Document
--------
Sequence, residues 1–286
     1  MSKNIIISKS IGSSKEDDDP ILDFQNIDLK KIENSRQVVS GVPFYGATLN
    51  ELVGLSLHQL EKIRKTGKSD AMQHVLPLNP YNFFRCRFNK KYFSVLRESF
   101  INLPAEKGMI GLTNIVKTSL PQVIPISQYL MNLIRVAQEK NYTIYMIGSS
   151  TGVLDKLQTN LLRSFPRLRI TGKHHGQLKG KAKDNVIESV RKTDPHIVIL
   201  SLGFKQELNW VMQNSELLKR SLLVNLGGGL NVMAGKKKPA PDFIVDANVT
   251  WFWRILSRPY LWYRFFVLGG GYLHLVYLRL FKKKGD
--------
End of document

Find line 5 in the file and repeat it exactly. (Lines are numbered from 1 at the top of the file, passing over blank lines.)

   151  TGVLDKLQTN LLRSFPRLRI TGKHHGQLKG KAKDNVIESV RKTDPHIVIL